Longevity is powered by Vocal.
Vocal is a platform that provides storytelling tools and engaged communities for writers, musicians, filmmakers, podcasters, and other creators to get discovered and fund their creativity.
How does Vocal work?
Creators share their stories on Vocal’s communities. In return, creators earn money when they are tipped and when their stories are read.
How do I join Vocal?
Vocal welcomes creators of all shapes and sizes. Join for free and start creating.
To learn more about Vocal, visit our resources.Show less
"Gluten" is sort of an umbrella term for the proteins found in wheat, barley, and rye. It is naturally occurring, and certainly not inherently evil, but like the word “fat”—one of the main macronutrients in our food—“gluten” has gotten a bad reputation, in part due to some of the widespread gluten myths that people still believe.
Still, gluten can cause serious health issues for some individuals. For those suffering from Celiac disease, their bodies react incorrectly to gluten and their immune system attacks their own intestines. This leads to digestive problems and sufferers must follow gluten-free diets for their health’s sake.
Though Celiac disease comes with a myriad of symptoms which vary between individuals, making it difficult to pinpoint without medical experience, it may be diagnosed with blood tests performed by doctors.
Gluten intolerance, on the other hand, is not so easily diagnosed. Also known as Non-Celiac Gluten Sensitivity or Non-Celiac Wheat Sensitivity, gluten intolerance may not be diagnosable with blood tests, but it may cause unpleasant reactions and health issues.
The next time you eat food containing gluten, watch out for these signs that you have a gluten intolerance.
Bloating happens to everyone at some point and can be caused by many things, ranging from something as innocent as having eaten too quickly to something far more sinister, such as cancer. If bloating consistently occurs immediately after eating food containing gluten, it may point to a gluten sensitivity.
Also, keep in mind that constant bloatedness is not normal. In children, abdominal bloating and pain is a major symptom of Celiac disease. It may also be caused by other serious diseases and should be checked out by a doctor.
Celiac disease is commonly associated with dermatitis herpetiformis, a serious skin condition in which the skin blisters and itches, especially on knees and elbows, along the hairline, and on the butt—these side effects are just one of the reasons why people should take Celiac disease more seriously. Luckily, a gluten-free diet is usually treatment enough.
Gluten is claimed to cause itchy or scaly skin in those with an intolerance as well, though not to such a severe degree as dermatitis herpetiformis. If you find you have beauty problems after eating foods containing wheat, rye, or barley, eliminating gluten from your diet may help skin clear up.
In addition to avoiding the possible inflammation gluten may cause, adopting a meal plan free of gluten encourages people to eat healthier foods, such as fruit and vegetables, which are great for skin!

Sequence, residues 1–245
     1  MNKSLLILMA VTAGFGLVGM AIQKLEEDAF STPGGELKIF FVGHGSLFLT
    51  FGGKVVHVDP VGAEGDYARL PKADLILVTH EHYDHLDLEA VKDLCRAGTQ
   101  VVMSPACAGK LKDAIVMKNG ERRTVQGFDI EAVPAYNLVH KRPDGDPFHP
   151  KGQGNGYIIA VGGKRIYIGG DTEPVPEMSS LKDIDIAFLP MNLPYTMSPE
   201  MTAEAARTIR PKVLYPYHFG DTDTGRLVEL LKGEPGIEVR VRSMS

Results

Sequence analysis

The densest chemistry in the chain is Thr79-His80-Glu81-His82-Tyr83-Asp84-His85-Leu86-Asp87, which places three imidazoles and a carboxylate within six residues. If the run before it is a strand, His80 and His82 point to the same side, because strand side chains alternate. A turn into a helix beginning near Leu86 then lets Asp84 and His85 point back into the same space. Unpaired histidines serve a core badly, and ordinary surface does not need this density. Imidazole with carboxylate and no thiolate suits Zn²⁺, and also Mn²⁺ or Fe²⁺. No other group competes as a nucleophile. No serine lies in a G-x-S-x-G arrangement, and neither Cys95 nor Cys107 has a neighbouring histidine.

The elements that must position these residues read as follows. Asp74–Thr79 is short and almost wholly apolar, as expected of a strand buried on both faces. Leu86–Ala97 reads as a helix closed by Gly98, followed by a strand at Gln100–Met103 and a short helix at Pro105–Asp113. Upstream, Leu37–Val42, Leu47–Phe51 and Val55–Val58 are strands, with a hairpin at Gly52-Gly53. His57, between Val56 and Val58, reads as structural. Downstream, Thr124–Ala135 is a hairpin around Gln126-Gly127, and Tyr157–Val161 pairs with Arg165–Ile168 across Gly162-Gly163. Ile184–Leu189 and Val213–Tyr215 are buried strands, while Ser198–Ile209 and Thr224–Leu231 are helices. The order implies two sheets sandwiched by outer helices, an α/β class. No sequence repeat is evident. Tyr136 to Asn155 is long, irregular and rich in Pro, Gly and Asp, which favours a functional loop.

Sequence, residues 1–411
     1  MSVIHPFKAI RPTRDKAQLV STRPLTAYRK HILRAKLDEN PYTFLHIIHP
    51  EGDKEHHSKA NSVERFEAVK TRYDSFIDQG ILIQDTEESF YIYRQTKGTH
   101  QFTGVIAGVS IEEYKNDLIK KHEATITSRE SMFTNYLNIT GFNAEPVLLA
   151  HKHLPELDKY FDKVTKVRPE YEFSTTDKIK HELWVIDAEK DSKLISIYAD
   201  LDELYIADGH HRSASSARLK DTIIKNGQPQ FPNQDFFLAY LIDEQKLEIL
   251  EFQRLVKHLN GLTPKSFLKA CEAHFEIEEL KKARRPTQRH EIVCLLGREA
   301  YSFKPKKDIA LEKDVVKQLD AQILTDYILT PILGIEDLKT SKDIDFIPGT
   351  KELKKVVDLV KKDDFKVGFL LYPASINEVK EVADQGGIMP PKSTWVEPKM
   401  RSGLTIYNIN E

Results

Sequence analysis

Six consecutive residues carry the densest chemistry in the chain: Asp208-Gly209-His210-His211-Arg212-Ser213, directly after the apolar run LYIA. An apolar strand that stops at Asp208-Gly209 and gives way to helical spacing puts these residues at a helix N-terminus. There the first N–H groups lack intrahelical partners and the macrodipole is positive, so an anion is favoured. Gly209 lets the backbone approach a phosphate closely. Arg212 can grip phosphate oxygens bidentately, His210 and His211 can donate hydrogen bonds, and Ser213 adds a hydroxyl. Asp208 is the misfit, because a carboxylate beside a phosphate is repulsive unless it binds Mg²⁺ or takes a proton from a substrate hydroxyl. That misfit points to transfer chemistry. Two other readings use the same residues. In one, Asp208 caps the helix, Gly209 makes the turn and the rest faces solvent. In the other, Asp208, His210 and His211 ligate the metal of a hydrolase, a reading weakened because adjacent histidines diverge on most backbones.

Though joint and muscle pain are signs that you have a gluten intolerance, like bloating, it may also have any number of other causes. However, if it happens in tandem with the other signs on this list, it may be caused by your body’s negative reaction to gluten.
The type of joint pain associated with gluten intolerance or Celiac disease feels not unlike arthritis, with stiffness and aching radiating around the joints.
Gluten intolerance may cause difficulties with concentration, memory, and general cognitive abilities. Commonly referred to as brain fog, this may cause the sufferer to feel slow, out of touch, and can be a serious disruption as one is going about their day.
More serious signs that you have a gluten intolerance are also depression and/or anxiety. These two mental health disorders are also possible symptoms of Celiac disease, and it is very important to treat them.
Tiredness may be the hardest symptom to pinpoint of all the signs that you have a gluten intolerance. It may be caused by stress, a lack of sleep, too much exercise, or even mental health problems. However, if you can rule out all these causes, feeling constantly tired may be a sign that you are sensitive to gluten.
Weight loss is a known sign of both Celiac disease and gluten intolerance. Due to the issues Celiac disease and gluten intolerance create with the digestive system, it becomes difficult for the body to absorb essential nutrients and energy from food.
Regardless if you suspect your body is reacting negatively to gluten or not, rapid, unintentional weight loss which is not caused by a change in diet or exercise should be taken seriously. It may be a sign of a serious health problem.
Though you may experience one or all of these signs that you have a gluten intolerance, it may be difficult to be certain if gluten is the main cause of your health problems. One method which may help you find out for sure is to go on an elimination diet. To do this, remove all foods containing gluten—such as bread, pastries, beer, and all of the foods on the list of worst foods for Celiac disease—from your diet. If your symptoms fade as you eliminate gluten from your system, you can be fairly confident you have a gluten intolerance. If not, you may try eliminating other foods from your diet to see if you were having negative reactions to other foods.